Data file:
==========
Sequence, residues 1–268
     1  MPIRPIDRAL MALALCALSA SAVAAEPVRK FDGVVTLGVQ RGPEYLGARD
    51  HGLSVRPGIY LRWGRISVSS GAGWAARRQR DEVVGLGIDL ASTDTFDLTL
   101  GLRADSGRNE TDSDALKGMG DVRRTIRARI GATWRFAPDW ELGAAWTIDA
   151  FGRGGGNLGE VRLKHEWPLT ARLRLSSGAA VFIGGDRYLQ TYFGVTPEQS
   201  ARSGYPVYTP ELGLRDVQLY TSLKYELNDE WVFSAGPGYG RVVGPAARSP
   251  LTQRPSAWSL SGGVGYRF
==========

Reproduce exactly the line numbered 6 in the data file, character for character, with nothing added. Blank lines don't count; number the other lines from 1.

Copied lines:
   201  ARSGYPVYTP ELGLRDVQLY TSLKYELNDE WVFSAGPGYG RVVGPAARSP